Iowa Senate
Tom Williams via Getty Images
Iowa state Sen. Joni Ernst (R) appears to be picking up momentum in her bid to turn retiring Sen. Tom Harkin's (D) seat from blue to red. The Democratic nominee, Rep. Bruce Braley, has continued to suffer from the backlash over his comments about Sen. Chuck Grassley's (R-Iowa) background as a farmer. Democrats, however, think they can paint Ernst as extreme by highlighting her comments about the minimum wage, nullification of federal laws, Medicaid recipients, personhood legislation and the Environmental Protection Agency.
Alaska Senate
U.S. Sen. Mark Begich (D) has worked to show he is independent from President Barack Obama's administration as he battles former state Attorney General Dan Sullivan, a Republican. The senator has opposed Obama's strategies to combat Islamic State militants in Iraq and Syria and to expand background checks on gun sales. He has also disassociated himself from his party by remaining open to drilling in the Arctic National Wildlife Refuge. Republicans, on the other hand, have worked to tie Begich to the president, who is deeply unpopular in the state.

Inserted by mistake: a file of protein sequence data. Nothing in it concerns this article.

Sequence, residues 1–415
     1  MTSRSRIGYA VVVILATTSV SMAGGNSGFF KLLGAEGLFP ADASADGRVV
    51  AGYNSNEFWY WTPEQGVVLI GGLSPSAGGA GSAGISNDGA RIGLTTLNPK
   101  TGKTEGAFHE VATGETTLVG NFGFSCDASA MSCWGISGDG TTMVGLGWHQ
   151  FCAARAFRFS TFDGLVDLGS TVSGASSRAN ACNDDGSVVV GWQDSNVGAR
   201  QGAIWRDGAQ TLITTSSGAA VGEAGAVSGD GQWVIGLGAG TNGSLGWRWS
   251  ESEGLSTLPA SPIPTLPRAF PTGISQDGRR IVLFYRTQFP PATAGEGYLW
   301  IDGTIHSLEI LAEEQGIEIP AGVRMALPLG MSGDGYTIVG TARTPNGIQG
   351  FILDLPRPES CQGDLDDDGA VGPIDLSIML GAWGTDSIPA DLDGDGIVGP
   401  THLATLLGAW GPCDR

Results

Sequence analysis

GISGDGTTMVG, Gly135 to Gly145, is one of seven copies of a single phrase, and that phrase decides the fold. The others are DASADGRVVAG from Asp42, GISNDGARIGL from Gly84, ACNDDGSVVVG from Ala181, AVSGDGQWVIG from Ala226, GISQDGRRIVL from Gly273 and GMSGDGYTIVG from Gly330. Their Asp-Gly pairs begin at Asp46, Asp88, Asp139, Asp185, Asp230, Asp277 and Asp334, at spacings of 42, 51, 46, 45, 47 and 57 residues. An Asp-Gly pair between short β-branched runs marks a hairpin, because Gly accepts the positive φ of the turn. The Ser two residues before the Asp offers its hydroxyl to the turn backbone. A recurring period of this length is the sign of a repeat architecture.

Colorado Senate
Mark Udall (Kent Nishimura via Getty Images)
Sen. Mark Udall (D) and Rep. Cory Gardner (R-Colo.) are locked in one of the closest races on this year's Senate map. Democrats have put Gardner on the defensive over his past support for personhood legislation, which would give legal rights to fetuses from the moment of fertilization. Republicans have continuously hit Udall over the Affordable Care Act, his energy policies and national security issues.
Arkansas Senate